Over the past few years, classic cars as an asset class has remained firmly at the top of the Knight Frank Luxury Investment Index, increasing in value by 288 per cent and out-performing other alternative investments such as wine, art, coins, and jewellery.
Whilst growth has slowed slightly recently, experts say that financial figures can be misleading, explaining that the slowdown could be “a symptom of the incredible, and ultimately unsustainable, growth we witnessed in the early 2010’s.”
For example, in 2011 a MK1 Jaguar E-Type would have cost around £30,000. Now it would cost anywhere between £100,000 to £200,000.
However, sales figures show that there is still a healthy appetite for classic cars. Amongst the less expensive models, such as the Fiat 500’s of the 1960’s and 1970’s, sales remain high. As do sales of some of the pricier vehicles.
In 2017 alone, 123 classic cars were sold for over $5 million each. And just last week an Aston Martin was sold by Bonham’s at the Goodwood Festival of Speed for over £10 million, making the ‘2 VEV’ the most valuable British car ever sold under the hammer in Europe.
These are all clear indicators that the market for this asset class is alive and well.
“Classic cars, with their iconic styling and cultural reminders, are still hugely desirable for enthusiasts and car lovers alike,” says Marco Abele, CEO, and founder of TEND Swiss. “Prices have continued to be strong, despite price growth slowing last year.”
He adds that many people look to invest in classic cars because of their “passion for them” and their “wish to enrich their lives with the investment and its related experiences.”
What’s more, from May 2018, the Government has agreed to exempt most vehicles made before 1978 from compulsory MOT testing.
The thinking behind the decision, according to the Department for Transport (DfT), is that these cars are “usually maintained in good condition and used on few occasions”.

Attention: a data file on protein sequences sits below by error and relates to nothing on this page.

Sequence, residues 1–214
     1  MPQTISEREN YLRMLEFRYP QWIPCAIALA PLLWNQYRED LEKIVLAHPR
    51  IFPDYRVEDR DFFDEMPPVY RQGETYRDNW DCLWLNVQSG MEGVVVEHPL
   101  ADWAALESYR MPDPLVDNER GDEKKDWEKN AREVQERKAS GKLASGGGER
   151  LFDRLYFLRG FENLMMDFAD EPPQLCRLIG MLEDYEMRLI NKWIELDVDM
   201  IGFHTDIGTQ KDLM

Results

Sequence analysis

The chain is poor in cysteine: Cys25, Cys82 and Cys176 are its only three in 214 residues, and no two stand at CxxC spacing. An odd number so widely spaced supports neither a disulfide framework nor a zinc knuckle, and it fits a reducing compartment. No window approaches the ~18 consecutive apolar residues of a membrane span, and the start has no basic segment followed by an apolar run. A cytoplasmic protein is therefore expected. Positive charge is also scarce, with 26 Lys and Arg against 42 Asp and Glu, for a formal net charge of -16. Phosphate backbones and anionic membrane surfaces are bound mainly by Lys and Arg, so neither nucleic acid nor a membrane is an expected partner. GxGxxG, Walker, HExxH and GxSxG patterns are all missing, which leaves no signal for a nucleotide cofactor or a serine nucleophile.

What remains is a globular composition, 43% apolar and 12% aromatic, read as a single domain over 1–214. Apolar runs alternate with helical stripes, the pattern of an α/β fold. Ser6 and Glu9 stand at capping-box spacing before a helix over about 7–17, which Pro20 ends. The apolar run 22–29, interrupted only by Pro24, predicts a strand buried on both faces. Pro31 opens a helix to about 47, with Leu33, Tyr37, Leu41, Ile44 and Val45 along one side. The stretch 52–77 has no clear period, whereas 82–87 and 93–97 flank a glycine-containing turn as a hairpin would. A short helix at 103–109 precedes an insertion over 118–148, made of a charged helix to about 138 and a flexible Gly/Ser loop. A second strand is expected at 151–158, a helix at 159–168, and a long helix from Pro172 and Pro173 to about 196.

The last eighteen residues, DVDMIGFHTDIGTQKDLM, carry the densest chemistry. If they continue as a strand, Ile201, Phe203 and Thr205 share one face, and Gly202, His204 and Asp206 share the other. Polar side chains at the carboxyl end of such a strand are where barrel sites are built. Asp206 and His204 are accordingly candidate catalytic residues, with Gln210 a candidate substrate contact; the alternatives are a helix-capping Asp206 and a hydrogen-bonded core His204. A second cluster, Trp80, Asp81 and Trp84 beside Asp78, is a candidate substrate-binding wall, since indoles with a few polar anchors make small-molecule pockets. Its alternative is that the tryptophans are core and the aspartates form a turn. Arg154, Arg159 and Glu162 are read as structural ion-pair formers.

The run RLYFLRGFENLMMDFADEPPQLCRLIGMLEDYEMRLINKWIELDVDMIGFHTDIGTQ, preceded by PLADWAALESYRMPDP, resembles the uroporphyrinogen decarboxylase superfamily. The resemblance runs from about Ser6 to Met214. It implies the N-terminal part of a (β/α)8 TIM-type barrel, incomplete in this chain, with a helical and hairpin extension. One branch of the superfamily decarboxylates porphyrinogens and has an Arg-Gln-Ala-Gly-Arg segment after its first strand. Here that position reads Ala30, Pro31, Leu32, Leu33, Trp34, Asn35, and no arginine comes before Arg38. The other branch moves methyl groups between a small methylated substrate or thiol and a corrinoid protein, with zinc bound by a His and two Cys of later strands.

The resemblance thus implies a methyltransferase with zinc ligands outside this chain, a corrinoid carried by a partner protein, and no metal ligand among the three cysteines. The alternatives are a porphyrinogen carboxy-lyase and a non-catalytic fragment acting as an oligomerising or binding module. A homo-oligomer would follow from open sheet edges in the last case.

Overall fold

The change broadens a current exemption for those bought before 1960 and will increase the number of older vehicles legally without an MOT on the road from just below 200,000 to almost 500,000 – about 1.5 per cent of the UK total fleet.
The DfT is introducing the change because the modern MOT does not adequately check historic cars.
Dismissing concerns that classic cars pose a greater risk of failure than modern ones, the DfT says: “We consider the element of risk arising from taking vehicles over 40 years old out of the testing regime is small. The option for owners to submit their vehicles to a voluntary MOT test will remain and they will still, like all vehicle owners, need to ensure that they meet the legal requirement of keeping their vehicle in a roadworthy condition at all time.”
It is also worth noting that classic cars are normally exempt from Capital Gains Tax, unless bought and sold with business intentions.
Beavis Morgan – Advisers to high-net-worth individuals and UK investors
Our team at Beavis Morgan has been instrumental in helping clients maintain their capital value and manage their income levels, to assist in continuing to meet their lifestyle goals.
We proactively explore the intricacies of the tax legislation, making sure that all reliefs available to you are utilised and that your interests are safeguarded. We can also assist you with medium and longer-term financial planning to ensure that you, your family, and ultimately future generations of your family, will benefit from your wealth in accordance with your wishes.
For more information and to discuss your tax affairs in further detail, please contact you usual Beavis Morgan Partner.